The Afro, also known as a “natural,” was a cultural hairstyle introduced by the African American community in the 1960s and remained trendy throughout the 70s. Prior to the introduction of the “natural,” those that chose not to straighten their hair, wore braids and cornrows. The Afro was not only a healthy alternative to relaxers, hot combs and tight braids, but also a symbol of black pride. Today, afros are increasingly gaining popularity. Women are embracing their natural hair texture, wearing it in full glory.

Blow Out

The blow-out afro is created by first washing and conditioning the hair. The hair is freshly washed to prevent oil and product from weighing it down. The hair is then gently dried with a towel, to remove excess moisture, before being blown out. A blow dryer is used to stretch the hair to its fullest length. A light oil is then applied to the hair to seal-in moisture. A large comb or hair pick is used to lift hair up and out. The hair is then gently patted with the palm of the hands to create a perfect round shape.

Shrunken Fro

The shrunken fro is similar to the blow-out afro minus the heat. It’s similar to what is commonly known today as the teenie weenie afro. The hair is washed, conditioned, moisturized, oiled and allowed to air-dry. As the hair dried, the curls shrink and draw the hair into a tightly “shrunken” afro. Typically the hair is not manipulated. However, some people choose to slightly lift the hair at the root to add volume.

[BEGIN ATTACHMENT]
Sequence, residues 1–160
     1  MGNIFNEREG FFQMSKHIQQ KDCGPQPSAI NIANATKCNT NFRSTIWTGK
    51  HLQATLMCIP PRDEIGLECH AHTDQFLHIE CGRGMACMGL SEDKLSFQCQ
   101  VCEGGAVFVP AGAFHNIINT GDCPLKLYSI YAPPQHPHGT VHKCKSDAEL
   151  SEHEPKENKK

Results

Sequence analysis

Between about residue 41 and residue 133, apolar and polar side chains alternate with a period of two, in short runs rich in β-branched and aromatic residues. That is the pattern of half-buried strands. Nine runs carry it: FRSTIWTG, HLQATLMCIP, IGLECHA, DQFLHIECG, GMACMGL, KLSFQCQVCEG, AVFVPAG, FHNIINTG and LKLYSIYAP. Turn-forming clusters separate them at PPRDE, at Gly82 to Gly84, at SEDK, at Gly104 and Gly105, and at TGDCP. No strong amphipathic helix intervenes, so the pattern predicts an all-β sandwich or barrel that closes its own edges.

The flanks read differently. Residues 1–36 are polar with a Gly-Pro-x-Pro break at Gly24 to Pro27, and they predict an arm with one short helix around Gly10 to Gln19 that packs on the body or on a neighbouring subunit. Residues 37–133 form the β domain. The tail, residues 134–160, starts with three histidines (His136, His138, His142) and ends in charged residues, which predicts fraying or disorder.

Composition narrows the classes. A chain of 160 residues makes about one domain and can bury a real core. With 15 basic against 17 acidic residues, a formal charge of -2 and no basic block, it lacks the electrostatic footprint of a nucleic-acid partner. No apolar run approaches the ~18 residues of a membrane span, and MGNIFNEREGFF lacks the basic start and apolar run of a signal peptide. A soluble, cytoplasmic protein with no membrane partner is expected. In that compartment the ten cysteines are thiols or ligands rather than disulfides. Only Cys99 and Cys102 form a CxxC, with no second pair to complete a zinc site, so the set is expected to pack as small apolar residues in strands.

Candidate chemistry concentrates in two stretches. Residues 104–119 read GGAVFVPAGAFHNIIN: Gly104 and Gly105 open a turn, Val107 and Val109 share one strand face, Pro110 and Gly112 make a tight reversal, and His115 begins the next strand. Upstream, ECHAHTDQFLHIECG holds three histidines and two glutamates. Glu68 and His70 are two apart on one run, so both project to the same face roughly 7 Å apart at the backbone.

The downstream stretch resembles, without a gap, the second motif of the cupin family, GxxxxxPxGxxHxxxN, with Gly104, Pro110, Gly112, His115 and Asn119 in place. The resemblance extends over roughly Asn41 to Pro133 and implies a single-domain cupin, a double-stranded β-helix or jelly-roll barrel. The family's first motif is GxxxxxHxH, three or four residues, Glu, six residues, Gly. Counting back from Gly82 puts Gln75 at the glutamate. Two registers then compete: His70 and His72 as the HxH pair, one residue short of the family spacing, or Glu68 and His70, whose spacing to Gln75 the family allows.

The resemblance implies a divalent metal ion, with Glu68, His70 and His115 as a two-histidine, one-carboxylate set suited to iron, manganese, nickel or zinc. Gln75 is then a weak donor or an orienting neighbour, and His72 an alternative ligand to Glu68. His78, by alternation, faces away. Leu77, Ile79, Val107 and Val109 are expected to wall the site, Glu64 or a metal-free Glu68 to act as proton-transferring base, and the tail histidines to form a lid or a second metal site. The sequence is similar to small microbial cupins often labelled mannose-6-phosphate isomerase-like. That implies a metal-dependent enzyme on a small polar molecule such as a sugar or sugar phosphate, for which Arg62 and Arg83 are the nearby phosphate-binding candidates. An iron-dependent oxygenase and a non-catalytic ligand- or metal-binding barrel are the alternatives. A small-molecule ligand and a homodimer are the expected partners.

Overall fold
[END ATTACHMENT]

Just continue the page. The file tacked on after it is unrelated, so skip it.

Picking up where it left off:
The afro-puff was a popular hairstyle for women who wore afros. The afro-puff is easy to create and adds chic and femininity to the otherwise simple style. The style is created by pulling the hair back and up, similar to creating a ponytail, but instead the hair is loosely secured with a scarf or headband and allowed to expand at the crown. The front of the hair is sometimes braided or twisted and accessorized with beads. Young women and girls often wore two afro-puffs for an even more unique look in the 70s.

Wash and Set

The wash-and-set was popular in the 70s for women with natural hair. It gave them the option to wear their hair semi-straight, without relaxers or hot combs. The hair is washed, conditioned and set on large magnetic rollers. Then dried using an over-the-head hair dryer. It takes more than an hour for long afro textured hair to dry using this method. Drying the hair on rollers stretches and straightens it. Once the hair is dry, the rollers are taken out and the hair can be worn curly or straight. The wash-and-set is gentle on the hair and offers a healthier alternative to chemicals and excessive heat.